All posts tagged: Michaelmas

Nottingham Goose Fair Gingerbread Cake (and the Trentside Cheese Riot of 1766)

Seasonal Fairs were traditionally an important means of selling and buying produce from the surrounding countryside, hiring workers for the coming season and for socialising and celebrating. Given that most roads were not much more than dirt tracks it was important that the fairs took place before the roads became muddy and impassable in the winter. Many towns had several fairs and we can see their roots in shows and fairs that still take place today – the Newark County Show held in May was originally a hiring fair for farmers to take on agricultural workers for the coming summer, and Nottingham’s Goose Fair still to this day takes place around Michaelmas, at the beginning of October. Nottingham’s Goose Fair is over 700 years old and is the oldest and largest travelling Fair in the country. It is now, of course, solely a fun fair but originally Geese were driven from Norfolk and Lincolnshire to Nottingham for sale. Geese are at their best at this time of year, and have always been the traditional dish …

Stubble Goose and Sour Blackberries – Devil Spits Day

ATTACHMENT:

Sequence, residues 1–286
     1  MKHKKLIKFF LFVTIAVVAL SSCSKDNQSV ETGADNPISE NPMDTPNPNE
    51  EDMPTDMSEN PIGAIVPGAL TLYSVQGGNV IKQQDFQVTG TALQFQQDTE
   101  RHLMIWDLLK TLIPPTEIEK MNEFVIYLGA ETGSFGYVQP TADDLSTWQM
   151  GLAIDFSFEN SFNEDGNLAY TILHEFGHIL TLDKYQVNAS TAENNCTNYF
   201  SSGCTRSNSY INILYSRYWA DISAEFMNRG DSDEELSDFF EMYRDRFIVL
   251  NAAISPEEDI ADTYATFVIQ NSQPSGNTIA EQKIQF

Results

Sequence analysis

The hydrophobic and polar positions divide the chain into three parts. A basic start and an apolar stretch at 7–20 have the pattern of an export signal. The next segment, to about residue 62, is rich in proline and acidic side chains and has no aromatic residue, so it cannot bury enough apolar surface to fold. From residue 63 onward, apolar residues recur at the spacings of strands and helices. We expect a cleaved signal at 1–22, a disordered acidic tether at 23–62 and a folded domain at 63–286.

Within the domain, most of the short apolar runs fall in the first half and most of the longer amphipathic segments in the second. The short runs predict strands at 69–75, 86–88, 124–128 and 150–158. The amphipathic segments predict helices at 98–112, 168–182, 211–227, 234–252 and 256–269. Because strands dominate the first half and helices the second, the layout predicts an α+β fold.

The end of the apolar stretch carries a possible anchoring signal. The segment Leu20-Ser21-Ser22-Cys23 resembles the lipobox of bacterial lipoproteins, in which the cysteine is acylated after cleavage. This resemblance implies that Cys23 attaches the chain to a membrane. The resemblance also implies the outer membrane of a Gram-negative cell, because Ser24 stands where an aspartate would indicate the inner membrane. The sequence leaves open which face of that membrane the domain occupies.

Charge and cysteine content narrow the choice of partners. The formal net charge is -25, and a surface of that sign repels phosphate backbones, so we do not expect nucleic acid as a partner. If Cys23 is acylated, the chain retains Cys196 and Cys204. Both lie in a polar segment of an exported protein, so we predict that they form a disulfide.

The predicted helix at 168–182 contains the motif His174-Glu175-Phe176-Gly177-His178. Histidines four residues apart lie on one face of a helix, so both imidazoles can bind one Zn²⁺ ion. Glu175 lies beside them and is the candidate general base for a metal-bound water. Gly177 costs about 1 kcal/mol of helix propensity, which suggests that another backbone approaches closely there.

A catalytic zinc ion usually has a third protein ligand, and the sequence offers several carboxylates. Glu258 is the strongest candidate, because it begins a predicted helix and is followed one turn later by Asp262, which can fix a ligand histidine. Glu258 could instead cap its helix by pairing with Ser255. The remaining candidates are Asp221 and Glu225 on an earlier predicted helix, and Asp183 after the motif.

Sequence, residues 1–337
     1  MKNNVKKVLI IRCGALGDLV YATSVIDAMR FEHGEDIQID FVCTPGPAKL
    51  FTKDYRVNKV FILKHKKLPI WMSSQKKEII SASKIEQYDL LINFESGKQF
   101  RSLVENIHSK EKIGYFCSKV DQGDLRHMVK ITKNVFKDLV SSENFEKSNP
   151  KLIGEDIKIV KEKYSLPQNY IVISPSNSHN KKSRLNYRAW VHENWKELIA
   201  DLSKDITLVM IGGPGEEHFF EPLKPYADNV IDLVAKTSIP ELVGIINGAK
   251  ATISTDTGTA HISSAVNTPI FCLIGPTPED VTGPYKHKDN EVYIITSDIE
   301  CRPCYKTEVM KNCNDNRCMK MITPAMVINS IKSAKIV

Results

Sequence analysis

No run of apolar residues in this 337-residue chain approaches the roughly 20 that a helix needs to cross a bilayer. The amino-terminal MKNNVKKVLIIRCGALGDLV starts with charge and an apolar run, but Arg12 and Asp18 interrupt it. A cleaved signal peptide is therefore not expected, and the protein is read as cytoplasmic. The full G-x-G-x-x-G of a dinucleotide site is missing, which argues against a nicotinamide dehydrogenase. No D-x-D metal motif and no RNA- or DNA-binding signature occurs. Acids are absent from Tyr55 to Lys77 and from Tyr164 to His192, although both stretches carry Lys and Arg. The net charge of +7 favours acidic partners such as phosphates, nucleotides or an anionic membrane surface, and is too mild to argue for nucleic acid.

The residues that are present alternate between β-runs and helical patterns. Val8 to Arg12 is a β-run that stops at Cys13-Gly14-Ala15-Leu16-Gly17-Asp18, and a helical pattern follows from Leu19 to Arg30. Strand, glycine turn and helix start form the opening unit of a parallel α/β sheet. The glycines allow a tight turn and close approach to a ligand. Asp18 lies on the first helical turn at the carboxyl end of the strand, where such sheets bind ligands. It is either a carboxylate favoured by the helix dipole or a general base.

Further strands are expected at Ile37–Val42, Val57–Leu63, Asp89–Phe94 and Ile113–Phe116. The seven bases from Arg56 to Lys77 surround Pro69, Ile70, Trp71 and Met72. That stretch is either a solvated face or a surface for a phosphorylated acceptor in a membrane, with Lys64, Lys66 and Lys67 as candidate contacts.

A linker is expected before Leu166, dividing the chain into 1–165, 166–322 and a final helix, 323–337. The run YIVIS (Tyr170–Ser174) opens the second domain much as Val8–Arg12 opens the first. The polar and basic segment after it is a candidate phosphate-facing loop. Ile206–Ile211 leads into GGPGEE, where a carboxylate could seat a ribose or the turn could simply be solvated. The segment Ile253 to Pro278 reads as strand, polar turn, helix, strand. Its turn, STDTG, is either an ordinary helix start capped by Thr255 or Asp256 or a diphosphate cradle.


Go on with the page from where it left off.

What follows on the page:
He who eats goose on Michaelmas day Shan’t money lack or  have debts to pay. [Old English Saying] Nottingham is rightly famous for its Goose Fair which takes place at the beginning of October each year. Its story extends at least some 700 years back into history. Goose Fairs were held around Michaelmas (29th September) when the harvest was over and the Geese were starting to fatten up picking grain left amongst the stubble in the fields. A “Stubble Goose” was a traditional feast dish for Michaelmas (in Christianity the Feast of St Michael the Archangel, marking the beginning of Autumn and the last day, according to Folklore, on which Blackberries should be picked). The carcass of the Goose was then used for making Michaelmas Broth. Story tells that thousands of  Geese were driven from Lincolnshire and Norfolk to be sold in Nottingham, in the old Market Square and that this is the origin of the modern fair, which sadly no longer sells geese,  but is now one of the largest (and oldest) travelling fairs …